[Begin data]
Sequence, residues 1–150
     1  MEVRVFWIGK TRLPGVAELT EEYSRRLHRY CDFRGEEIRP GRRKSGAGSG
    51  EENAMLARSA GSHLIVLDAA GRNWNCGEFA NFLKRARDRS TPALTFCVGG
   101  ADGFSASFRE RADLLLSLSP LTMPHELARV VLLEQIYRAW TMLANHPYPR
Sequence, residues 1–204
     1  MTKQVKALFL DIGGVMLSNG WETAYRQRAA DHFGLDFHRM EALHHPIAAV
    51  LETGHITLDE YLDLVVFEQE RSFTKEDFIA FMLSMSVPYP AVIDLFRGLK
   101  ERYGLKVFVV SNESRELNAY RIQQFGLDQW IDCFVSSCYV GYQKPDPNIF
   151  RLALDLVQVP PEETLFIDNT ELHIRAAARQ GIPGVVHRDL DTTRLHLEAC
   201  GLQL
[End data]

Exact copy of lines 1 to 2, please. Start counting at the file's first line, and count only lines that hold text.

Sequence, residues 1–150
     1  MEVRVFWIGK TRLPGVAELT EEYSRRLHRY CDFRGEEIRP GRRKSGAGSG